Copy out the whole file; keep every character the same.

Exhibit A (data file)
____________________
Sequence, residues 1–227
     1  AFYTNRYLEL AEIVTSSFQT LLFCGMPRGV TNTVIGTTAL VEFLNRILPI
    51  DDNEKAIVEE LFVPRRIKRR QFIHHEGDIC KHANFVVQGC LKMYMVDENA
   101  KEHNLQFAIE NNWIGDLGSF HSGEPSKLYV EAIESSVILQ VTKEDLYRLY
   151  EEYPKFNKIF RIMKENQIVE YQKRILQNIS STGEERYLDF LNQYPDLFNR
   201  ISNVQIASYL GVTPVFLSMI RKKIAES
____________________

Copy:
Sequence, residues 1–227
     1  AFYTNRYLEL AEIVTSSFQT LLFCGMPRGV TNTVIGTTAL VEFLNRILPI
    51  DDNEKAIVEE LFVPRRIKRR QFIHHEGDIC KHANFVVQGC LKMYMVDENA
   101  KEHNLQFAIE NNWIGDLGSF HSGEPSKLYV EAIESSVILQ VTKEDLYRLY
   151  EEYPKFNKIF RIMKENQIVE YQKRILQNIS STGEERYLDF LNQYPDLFNR
   201  ISNVQIASYL GVTPVFLSMI RKKIAES